WRIR 99-4062


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Miller, R.L., McPherson, B.F., and Haag, K.H., 1999, Water quality in the southern Everglades and Big Cypress Swamp in the vicinity of the Tamiami Trail, 1996-97: U.S. Geological Survey Water-Resources Investigations Report 99-4062, 16 p.

ABSTRACT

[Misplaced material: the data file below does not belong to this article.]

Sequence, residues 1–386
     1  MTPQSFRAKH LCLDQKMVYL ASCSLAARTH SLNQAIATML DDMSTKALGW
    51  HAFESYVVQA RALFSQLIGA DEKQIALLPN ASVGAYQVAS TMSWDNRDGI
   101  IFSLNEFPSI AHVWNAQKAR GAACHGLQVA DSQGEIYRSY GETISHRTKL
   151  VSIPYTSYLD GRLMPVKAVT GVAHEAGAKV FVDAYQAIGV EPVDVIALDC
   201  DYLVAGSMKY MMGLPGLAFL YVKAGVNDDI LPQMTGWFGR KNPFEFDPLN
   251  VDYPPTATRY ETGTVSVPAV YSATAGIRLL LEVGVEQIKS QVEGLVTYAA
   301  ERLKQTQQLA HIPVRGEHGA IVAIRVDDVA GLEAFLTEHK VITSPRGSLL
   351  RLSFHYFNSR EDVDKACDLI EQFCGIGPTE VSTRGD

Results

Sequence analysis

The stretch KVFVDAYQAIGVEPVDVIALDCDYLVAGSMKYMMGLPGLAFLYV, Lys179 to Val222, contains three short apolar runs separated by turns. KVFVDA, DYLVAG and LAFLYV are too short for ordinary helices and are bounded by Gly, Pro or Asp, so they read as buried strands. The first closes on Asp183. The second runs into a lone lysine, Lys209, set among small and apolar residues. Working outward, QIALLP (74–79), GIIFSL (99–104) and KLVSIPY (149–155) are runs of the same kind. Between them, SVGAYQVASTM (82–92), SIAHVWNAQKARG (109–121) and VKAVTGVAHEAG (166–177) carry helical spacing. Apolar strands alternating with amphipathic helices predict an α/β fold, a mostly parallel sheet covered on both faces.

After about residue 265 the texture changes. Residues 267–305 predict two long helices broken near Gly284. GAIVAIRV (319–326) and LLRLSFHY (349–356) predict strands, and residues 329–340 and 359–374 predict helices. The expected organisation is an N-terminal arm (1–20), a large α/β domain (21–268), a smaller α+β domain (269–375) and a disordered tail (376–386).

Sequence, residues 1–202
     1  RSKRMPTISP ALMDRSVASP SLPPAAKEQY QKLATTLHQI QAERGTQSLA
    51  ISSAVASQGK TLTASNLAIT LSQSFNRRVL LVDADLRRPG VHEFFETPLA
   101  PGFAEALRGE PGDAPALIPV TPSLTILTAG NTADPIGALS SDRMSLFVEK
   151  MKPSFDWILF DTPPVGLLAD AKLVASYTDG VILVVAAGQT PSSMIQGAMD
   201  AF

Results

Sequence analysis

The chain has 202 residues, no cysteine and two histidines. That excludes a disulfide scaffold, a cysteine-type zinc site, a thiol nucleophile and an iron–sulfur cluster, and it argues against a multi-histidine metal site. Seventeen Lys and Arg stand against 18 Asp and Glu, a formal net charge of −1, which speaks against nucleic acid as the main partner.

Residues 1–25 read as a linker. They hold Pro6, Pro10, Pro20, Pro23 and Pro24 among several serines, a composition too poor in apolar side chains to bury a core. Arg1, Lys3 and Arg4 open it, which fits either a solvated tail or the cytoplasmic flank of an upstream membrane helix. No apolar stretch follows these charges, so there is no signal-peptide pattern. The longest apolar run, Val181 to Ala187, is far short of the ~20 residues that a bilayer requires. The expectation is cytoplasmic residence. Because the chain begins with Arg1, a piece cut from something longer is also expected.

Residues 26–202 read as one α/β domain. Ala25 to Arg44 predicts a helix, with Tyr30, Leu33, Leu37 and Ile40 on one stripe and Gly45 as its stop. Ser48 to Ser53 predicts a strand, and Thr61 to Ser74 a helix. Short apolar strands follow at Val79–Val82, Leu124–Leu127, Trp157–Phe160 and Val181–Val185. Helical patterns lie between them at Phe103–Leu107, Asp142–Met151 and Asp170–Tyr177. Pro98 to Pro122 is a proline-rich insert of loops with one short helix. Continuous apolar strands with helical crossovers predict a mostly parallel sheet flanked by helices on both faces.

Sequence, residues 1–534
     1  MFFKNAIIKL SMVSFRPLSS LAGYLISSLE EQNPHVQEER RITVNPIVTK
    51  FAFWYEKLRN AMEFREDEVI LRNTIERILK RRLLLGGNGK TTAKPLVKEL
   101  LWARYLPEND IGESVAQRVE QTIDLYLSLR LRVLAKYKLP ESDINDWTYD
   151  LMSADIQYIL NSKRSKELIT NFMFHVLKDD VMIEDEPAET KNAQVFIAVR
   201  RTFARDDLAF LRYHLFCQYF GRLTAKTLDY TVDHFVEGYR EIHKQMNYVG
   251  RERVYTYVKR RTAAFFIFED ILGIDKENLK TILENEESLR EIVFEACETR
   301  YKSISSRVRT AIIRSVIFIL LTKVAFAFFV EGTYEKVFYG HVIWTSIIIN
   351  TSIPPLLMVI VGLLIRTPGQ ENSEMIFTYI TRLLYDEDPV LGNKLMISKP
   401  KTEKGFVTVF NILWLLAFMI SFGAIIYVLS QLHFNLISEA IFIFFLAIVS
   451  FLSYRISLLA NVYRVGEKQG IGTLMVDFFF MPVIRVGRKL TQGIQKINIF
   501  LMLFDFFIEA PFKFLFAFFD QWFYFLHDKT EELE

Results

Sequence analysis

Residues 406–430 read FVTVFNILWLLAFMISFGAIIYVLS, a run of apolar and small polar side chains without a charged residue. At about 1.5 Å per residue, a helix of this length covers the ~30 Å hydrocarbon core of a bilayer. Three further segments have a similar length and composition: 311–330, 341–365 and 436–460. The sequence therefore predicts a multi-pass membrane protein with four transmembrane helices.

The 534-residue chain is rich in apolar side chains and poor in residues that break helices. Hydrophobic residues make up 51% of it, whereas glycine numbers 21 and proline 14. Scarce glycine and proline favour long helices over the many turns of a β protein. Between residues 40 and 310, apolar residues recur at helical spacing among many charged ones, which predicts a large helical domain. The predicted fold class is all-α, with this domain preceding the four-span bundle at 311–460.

The quality of water flowing southward in the Everglades and Big Cypress Swamp was characterized by three synoptic surveys along an 80-mile section of the Tamiami Trail and along a 24-mile transect down the Shark River Slough, by monthly sampling of a background reference site in the central Big Cypress Swamp, and by sampling of fish tissue for contaminants at several sites near the Trail. The quality of water along the Trail is spatially variable due to natural and human influences. Concentrations of dissolved solids and common ions such as chloride and sulfate were lowest in the central and eastern Big Cypress Swamp and were higher to the west due to the effects of seawater, especially during the dry season, and to the east due to canal drainage from the northern Everglades. Concentrations of total phosphorus tended to decrease from west to east along the 80-mile section of the Trail, and were usually about 0.01 milligram per liter or less in the Everglades. Short-term loads (based on average discharge for 4 days) of total phosphorus and total Kjeldahl nitrogen (ammonia plus organic nitrogen) across four gaged sections of the Tamiami Trail were highest in the Everglades near the S-12 structures primarily due to the relatively greater discharges in that section. Concentrations of dissolved solids and total phosphorus at the central Big Cypress Swamp site increased significantly during the dry season as waters ponded. Effects of nearby, upstream agricultural activities were evident at a site in the western Big Cypress Swamp where relatively high concentrations of total phosphorus, total mercury, and dissolved organic carbon and high periphyton biomass accumulation rates were measured and where several pesticides were detected. The most frequently detected pesticides along the Trail were atrazine (14 detections), tebuthiuron (11 detections), and metolachlor (5 detections), and most concentrations were less than 0.1 microgram per liter. DDT compounds were the only pesticides detected in fish from five sites. Total DDT ranged from 5 to 6 micrograms per kilogram in largemouth bass and from 11 to 17 micrograms per kilogram in Florida gar.